Writing to his son, Archie, Roosevelt was even more accusatory, placing the blame for the victims of the Lusitania directly on Wilson’s shoulders. “As a nation, we have thought very little about foreign affairs; we don’t realize that the murder of the thousand men, women, and children in the Lusitania is due, solely, to Wilson’s abject cowardice and weakness in failing to take energetic action when the Gulflight was sunk but a few days previously.”

(Just a quick fact check here: Though there were reports that the Gulflight had been sunk, it was actually just damaged and towed in. OK, back to the quote.)

“… [Wilson and Bryan] are both abject creatures and they won’t go to war unless they are kicked into it, and they will consider nothing but their own personal advantage in the matter.”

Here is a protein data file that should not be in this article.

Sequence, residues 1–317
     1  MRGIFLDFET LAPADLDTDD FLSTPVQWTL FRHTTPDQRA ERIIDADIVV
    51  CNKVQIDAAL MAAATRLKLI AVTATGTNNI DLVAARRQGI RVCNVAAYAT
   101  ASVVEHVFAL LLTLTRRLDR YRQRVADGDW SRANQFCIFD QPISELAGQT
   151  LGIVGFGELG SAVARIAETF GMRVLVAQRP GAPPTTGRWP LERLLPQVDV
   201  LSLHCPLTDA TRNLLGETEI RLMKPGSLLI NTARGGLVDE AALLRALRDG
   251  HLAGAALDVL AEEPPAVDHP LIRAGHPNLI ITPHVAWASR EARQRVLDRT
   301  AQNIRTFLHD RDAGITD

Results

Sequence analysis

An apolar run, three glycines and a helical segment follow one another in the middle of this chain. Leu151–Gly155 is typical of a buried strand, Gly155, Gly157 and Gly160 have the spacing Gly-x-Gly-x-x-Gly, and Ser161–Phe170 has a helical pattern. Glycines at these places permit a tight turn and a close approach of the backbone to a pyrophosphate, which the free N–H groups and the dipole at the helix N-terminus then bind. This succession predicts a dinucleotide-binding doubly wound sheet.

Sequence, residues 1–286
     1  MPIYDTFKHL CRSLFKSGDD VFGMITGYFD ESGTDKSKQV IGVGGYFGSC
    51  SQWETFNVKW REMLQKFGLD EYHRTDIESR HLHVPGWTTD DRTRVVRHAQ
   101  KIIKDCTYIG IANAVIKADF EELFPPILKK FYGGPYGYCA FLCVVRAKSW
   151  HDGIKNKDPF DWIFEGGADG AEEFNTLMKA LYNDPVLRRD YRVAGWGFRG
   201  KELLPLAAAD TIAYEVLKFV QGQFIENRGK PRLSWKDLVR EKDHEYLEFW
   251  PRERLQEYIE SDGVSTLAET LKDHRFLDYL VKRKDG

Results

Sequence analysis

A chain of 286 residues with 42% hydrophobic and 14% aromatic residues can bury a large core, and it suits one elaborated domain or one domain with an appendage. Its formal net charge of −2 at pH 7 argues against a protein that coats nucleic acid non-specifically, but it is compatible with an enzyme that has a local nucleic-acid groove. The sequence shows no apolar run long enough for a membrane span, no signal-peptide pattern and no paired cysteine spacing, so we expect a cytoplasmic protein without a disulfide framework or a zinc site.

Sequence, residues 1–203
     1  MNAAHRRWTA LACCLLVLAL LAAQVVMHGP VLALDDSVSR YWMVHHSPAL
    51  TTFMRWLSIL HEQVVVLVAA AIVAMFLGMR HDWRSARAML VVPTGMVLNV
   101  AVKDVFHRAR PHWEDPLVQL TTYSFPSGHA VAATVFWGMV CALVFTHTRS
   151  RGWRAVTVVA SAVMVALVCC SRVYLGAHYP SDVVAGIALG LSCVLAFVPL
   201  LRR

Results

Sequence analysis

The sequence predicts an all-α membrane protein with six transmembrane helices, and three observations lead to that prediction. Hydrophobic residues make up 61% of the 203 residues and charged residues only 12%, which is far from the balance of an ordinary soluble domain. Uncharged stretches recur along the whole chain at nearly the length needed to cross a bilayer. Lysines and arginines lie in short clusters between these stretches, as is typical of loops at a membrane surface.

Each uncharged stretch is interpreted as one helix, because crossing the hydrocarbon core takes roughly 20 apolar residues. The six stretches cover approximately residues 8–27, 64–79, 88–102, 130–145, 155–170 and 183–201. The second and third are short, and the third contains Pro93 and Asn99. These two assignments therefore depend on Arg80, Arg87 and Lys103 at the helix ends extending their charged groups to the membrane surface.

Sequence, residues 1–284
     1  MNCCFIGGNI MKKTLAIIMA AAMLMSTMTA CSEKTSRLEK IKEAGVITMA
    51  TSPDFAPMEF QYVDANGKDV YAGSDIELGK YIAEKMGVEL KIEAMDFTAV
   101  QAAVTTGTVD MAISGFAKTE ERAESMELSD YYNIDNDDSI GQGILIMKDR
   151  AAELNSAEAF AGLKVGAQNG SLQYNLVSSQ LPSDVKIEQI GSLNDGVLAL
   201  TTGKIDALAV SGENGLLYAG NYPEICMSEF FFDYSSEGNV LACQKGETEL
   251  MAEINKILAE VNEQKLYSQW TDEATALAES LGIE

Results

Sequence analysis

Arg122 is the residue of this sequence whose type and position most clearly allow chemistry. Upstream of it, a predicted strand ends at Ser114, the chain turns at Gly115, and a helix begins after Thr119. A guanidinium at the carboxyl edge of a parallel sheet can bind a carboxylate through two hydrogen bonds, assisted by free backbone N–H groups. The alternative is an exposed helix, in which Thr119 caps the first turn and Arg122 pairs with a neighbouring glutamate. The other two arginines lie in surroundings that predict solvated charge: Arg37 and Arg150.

Wilson, however, did put up a fight—when Roosevelt goaded him into one. “The way to treat an adversary like Roosevelt is to gaze at the stars over his head,” Wilson said.

The men reconciled, if ever so briefly, when Wilson decided to join the war. Roosevelt came over to the White House and, over lemonade, pitched himself as going back to the Army to take up his post as a commander of the Rough Riders, which had barnstormed the Spanish-American War in 1898 and helped perpetuate Roosevelt’s reputation as a hands-on combatant. Wilson eventually refused, which once again drew Roosevelt’s ire.

Jenkinson: He said, "Theodore, war has kind of changed since San Juan Hill. It's not done that way anymore. There's no room for a voluntary cavalry unit in France. When Wilson wouldn't do it, it just threw Roosevelt, who was a naturally pugnacious figure and won a gloried war, it threw him in to a complete tailspin. He just wanted someone to punish and there was Wilson. And so he wrote increasingly awful op-ed pieces and then wondered why Wilson wouldn't send them over to France with the Rough Rider unit.